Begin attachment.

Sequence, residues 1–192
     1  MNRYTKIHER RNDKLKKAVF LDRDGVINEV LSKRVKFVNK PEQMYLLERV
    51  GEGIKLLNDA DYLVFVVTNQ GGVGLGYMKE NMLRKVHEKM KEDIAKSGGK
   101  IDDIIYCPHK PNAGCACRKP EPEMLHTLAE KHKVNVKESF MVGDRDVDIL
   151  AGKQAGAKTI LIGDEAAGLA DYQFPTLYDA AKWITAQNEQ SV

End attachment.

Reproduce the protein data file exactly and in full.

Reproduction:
Sequence, residues 1–192
     1  MNRYTKIHER RNDKLKKAVF LDRDGVINEV LSKRVKFVNK PEQMYLLERV
    51  GEGIKLLNDA DYLVFVVTNQ GGVGLGYMKE NMLRKVHEKM KEDIAKSGGK
   101  IDDIIYCPHK PNAGCACRKP EPEMLHTLAE KHKVNVKESF MVGDRDVDIL
   151  AGKQAGAKTI LIGDEAAGLA DYQFPTLYDA AKWITAQNEQ SV